Saturday, December 1, 2012

It's not about the winning, it's about the finishing...or is it?!

 Last Sunday I took part in my very first triathlon. was a baby one - 200 meter swim, 8km bike ride and 2km run - but it was bloody hard work, and a major workout for me..

The morning didn't start well. I had to cycle to get there and developed a puncture about 2km away from the start. Actually, I was a tad relieved thinking I'd have a legitimate excuse not to do it...but blow me...there was a cycle repair man who changed my inner tube in about 20 seconds flat, to my disgust.

We were split into age groups, and my group, 40+ women were the last group of people to start. The first leg of the race was the swim in Lake Burley. I have to admit to having a number of concerns about the quality of the water...and what lives in the lake! I had visions of emerging from the water...not like the beautiful Ursula Andress rising out of the sea in James Bond Dr NO....but more like a green lake monster...with limbs missing and being horribly deformed like I had an overdose of nuclear poisoning. However, the water was beautifully clear, warm and very refreshing. And I didn't get attacked by any eels or other underwater iggly wigglies, so that was a bonus.

Within seconds of the swim starting I knew I was in trouble.Everyone was powering away with their frantic crawl and I was gliding along with my geriatric breast stroke. The distance wasn't an issue for me but speed was...I was at least 10 minutes behind everyone else. So needless to say, I was last out of the lake and already had no chance of catching up.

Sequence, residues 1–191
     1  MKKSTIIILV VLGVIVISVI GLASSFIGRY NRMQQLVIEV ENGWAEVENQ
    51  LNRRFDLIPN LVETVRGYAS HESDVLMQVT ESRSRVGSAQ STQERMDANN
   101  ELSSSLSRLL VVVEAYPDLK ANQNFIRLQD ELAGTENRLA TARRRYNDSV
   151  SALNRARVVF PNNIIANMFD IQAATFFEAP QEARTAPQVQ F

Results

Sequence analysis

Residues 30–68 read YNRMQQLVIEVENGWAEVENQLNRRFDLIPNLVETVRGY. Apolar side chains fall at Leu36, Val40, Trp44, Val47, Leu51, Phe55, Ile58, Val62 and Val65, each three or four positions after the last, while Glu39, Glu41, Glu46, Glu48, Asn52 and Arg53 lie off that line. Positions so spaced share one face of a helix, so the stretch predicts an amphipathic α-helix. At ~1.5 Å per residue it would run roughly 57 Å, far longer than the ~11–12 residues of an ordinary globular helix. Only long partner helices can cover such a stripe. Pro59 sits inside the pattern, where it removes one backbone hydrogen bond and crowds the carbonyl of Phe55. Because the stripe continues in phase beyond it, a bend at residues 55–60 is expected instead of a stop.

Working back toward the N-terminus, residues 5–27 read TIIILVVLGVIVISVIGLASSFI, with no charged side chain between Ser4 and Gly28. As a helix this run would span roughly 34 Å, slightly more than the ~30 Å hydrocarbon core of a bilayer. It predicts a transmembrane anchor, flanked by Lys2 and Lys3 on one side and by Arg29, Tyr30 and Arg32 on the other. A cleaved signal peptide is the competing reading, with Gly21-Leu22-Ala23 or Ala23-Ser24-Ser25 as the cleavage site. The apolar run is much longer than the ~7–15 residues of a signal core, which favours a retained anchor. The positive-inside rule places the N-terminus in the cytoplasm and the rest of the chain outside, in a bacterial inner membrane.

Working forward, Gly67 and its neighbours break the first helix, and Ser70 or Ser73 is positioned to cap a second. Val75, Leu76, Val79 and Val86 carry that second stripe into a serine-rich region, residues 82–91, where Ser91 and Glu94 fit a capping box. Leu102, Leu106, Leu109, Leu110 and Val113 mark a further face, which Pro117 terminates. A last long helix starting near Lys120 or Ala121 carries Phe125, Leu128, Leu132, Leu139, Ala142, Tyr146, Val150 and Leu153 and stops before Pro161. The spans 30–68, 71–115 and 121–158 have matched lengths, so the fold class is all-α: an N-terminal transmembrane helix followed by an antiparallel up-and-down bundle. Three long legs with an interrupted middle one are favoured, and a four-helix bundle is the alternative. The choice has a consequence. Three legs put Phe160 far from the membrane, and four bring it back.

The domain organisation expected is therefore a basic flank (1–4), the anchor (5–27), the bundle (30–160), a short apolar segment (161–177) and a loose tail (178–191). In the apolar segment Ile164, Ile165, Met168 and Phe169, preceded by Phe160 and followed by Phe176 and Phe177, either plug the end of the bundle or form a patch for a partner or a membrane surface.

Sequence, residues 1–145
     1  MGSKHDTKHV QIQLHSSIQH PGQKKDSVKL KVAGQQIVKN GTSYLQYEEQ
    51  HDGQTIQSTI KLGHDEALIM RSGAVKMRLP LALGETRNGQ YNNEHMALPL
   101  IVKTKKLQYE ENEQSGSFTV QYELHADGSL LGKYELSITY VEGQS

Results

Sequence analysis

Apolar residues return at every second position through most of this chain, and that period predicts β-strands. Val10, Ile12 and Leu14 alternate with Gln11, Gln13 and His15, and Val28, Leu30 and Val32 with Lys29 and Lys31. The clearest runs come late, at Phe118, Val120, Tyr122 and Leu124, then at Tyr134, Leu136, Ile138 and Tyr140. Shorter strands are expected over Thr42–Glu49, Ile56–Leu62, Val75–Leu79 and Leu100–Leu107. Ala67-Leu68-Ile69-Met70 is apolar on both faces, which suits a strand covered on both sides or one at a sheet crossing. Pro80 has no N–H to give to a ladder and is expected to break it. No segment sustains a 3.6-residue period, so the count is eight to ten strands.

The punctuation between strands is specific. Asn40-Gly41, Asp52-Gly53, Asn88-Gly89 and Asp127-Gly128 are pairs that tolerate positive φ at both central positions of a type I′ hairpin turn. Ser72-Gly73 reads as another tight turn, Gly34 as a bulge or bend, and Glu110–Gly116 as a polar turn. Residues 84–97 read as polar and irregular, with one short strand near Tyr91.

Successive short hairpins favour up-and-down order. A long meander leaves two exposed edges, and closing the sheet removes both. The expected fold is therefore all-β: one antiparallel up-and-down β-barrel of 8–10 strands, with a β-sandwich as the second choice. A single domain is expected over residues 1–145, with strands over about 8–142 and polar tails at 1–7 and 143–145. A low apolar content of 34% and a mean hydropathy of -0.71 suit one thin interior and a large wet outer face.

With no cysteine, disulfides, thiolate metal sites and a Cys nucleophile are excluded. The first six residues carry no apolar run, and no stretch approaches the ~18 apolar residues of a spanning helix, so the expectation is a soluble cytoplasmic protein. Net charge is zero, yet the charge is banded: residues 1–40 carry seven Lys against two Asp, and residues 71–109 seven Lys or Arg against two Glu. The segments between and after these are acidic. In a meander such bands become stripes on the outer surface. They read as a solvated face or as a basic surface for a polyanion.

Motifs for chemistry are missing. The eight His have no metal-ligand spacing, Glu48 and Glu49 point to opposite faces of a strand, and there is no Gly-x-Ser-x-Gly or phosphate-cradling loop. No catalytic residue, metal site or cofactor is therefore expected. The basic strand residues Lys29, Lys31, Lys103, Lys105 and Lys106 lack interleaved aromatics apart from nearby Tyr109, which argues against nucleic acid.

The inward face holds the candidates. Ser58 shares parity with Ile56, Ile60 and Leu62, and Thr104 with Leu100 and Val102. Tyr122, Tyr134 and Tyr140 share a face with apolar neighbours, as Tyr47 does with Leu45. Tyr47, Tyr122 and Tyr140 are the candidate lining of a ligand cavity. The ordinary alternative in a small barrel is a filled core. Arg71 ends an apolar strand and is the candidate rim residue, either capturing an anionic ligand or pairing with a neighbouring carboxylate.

The change over to cycling was the next nightmare. It took forever to get my running pants on because I was wet, and I got twigs and leaves stuck to my shoes...knickers...not at all comfortable. The cycle ride wasn't too bad. I was pretty pleased with how well I did around the course and was celebrating that I was catching up until the official told me that I had to go around a second time....

By the time I got to my run, I could hardly put one foot in front of the other, so mostly walked the first kilometer. I ran the second kilometer because it was all down hill, and my darling friend Deborah Davis, ran with me for the last 500m, which made all the difference.

The result...I came last!

I knew I was going to be last, from the time of the swim, and the thing I was dreading the most was the pity clap as I crossed the finish know what I mean...when everyone thinks...oh well, we'd better give that poor woman a clap because at least she finished...even if it was half a day after everyone else!!

Thankfully, by the time I crossed the line, everyone had lost interest and gone on to prize I didn't even get a pity clap.

What I took away from this experience is that I can do anything if I put my mind to it.  At the end of January this year, I was flat on my back with a partially prolapsed disc...and I still have permanent nerve damage to my right leg. But here I am...nine months later...a tri-athlete!

The other thing that struck me was that there are all sorts of shapes and sizes and abilities amongst us women. I tell you...those all-in-one running suits don't hide a thing. So if you have a teenage girl worried about her body, take her to an event like this to show her what real women look like...and what we can achieve.

But if one more person says to's not about the winning, it's about finishing, I shall poke them in the eye!!!!


moira stephens said...

Brilliant, brilliant post :) I read it out loud to my partner laughing as a I did so. The reason I was laughing was mostly because I know those sentiments :) and - yet again - your endeavours are inspirational. So thank you Sarah - I can't wait for the next venture. How about a book?

Jillian said...

Whilst I admire your determination and always enjoy reading your posts, the one thing I really enjoy is the laugh I get from the honesty that always accompanies them!! Thanks!!!!!

Sarah Stewart said...

Hi Moria and Jillian...always glad to entertain :)

It's funny how writing this down helps to process thoughts. I do wonder sometimes if being this honest is a good thing, especially as I have more of a public role at the ACM...but I still believe in the old adage of ...what you see is what you get. Thank you both for continuing your support here at my is much appreciated :)